The purpose of this conference travel grant proposal is to secure funds to facilitate undergraduate student involvement in the biennial International Conference on Infant Studies. Meetings are held every two years in spring or summer, both in U.S. and international locations. Undergraduates play a large role in infant research, and the goal of this initiative is to provide support for them to attend the conferences. From previously NICHD funded R13 initiatives, there is evidence that such attendance encourages students to pursue developmental science in graduate school or other allied disciplines. Moreover, we believe it allows students to see the central role of science in the study of development. Related to the central goal of this initiative is to make it possible for students from under-represented groups to attend the meetings and continue their involvement in science. The future success of the field of infancy research depends on diversity of researchers, participants, and questions. This initiative dovetails nicely with national efforts to engage undergraduate students in science and to encourage their continued engagement following graduation. This initiative also aligns well with the efforts of the International Congress on Infant Studies (ICIS), the organization that sponsors the biennial conferences. Promotion of undergraduate research experiences will result in the next generation of infancy researchers. This proposal seeks to support student travel to the next three conferences - 2016, 2018, and 2020 - with $15,000 per conference (total request is $45,000). This funding rate should be enough to help offset travel expenses for 10-20 undergraduate presenters per meeting. Additionally, the ICIS will provide a reduced conference registration fee for undergraduate attendees, networking opportunities for undergraduates to learn about graduate school and post-college employment, and a $200 cash reward and a plaque to the author of the best overall undergraduate paper.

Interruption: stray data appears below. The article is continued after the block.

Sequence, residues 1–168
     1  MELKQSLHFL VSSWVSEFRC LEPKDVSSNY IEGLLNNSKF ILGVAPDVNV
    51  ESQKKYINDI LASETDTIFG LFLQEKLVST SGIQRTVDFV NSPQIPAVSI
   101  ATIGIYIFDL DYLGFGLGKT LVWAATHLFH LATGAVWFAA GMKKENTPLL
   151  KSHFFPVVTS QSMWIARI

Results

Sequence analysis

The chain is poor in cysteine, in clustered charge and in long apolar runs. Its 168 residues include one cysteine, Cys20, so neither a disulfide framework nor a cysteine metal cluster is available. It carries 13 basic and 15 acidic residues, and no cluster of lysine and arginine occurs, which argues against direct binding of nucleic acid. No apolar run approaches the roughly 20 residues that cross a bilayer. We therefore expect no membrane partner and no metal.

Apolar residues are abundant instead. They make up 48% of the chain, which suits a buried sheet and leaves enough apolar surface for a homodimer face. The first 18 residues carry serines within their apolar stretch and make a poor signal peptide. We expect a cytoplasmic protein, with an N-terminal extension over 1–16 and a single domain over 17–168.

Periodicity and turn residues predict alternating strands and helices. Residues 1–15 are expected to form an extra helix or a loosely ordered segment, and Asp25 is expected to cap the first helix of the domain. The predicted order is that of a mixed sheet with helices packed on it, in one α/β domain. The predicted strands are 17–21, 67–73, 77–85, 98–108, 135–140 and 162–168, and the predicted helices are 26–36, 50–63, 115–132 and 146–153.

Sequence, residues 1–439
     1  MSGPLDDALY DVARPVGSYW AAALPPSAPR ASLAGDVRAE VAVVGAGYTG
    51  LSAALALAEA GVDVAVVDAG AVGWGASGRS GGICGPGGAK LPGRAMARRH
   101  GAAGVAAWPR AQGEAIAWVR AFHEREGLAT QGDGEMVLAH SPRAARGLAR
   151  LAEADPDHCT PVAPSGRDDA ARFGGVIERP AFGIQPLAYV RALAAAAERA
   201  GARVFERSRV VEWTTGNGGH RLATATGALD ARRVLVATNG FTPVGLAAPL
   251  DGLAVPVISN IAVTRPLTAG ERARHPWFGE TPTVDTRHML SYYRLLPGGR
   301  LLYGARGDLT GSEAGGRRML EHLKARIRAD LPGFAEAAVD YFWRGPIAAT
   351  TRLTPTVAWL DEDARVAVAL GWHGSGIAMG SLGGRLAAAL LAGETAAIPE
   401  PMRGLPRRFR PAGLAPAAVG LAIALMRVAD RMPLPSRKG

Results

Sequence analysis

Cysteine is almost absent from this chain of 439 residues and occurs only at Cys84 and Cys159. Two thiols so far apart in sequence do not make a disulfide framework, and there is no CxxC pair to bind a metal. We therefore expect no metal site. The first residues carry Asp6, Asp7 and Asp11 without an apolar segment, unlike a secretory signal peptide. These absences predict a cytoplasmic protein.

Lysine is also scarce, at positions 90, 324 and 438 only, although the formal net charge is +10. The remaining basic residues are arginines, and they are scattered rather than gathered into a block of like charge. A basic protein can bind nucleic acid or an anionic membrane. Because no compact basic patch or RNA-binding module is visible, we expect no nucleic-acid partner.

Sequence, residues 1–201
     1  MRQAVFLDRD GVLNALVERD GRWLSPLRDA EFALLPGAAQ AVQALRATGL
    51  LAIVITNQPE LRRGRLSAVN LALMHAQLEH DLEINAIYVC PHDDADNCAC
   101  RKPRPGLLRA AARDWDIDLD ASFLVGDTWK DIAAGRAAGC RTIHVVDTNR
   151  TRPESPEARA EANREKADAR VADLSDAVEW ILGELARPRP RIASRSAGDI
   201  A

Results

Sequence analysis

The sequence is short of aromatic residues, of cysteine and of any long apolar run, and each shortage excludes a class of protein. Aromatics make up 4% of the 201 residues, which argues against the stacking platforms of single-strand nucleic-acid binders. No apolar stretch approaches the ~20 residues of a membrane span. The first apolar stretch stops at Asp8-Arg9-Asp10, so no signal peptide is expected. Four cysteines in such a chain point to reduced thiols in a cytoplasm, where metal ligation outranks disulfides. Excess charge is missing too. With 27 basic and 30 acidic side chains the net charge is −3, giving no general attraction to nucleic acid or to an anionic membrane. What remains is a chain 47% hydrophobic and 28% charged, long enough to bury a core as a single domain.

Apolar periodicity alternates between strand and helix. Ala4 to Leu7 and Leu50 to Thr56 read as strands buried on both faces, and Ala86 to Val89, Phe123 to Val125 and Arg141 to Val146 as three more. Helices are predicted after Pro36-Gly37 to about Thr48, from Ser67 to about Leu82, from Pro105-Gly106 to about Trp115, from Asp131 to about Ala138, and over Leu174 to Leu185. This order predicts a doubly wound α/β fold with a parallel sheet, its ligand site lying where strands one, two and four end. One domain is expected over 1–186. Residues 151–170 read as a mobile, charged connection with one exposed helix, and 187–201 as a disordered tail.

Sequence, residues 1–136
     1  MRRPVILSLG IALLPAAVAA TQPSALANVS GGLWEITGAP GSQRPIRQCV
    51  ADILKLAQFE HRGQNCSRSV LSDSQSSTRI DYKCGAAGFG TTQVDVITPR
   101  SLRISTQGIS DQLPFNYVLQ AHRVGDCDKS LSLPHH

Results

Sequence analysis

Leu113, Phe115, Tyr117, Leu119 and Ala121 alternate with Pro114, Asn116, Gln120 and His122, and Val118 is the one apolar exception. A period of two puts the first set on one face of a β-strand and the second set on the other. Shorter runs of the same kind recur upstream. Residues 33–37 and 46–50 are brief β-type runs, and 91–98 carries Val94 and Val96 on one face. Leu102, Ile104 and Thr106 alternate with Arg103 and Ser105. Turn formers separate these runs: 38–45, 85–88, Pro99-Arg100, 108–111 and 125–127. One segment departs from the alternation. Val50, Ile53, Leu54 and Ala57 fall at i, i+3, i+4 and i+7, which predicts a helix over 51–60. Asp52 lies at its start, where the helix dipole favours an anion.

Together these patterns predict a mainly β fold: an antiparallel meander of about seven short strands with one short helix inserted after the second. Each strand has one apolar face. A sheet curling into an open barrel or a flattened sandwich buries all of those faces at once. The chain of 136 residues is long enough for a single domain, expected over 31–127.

The purpose of this conference travel grant is to secure funds to facilitate undergraduate student involvement in the biennial International Conference on Infant Studies, with a particular focus on students from under-represented groups. We hope to build on previous success in encouraging students to pursue developmental science in graduate school or other allied disciplines and in enabling them to see the central role of science in the study of development.